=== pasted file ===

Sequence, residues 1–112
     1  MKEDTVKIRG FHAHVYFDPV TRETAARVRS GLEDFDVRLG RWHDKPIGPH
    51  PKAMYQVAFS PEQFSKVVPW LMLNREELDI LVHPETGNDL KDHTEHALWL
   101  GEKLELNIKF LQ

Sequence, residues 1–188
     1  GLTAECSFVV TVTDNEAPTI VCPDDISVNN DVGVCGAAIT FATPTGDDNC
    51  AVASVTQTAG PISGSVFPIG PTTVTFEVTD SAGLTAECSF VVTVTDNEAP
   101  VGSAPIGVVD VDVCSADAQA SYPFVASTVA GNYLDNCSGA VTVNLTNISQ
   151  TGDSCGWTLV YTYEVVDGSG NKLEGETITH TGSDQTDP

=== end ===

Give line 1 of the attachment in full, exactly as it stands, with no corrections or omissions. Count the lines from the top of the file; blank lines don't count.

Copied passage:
Sequence, residues 1–112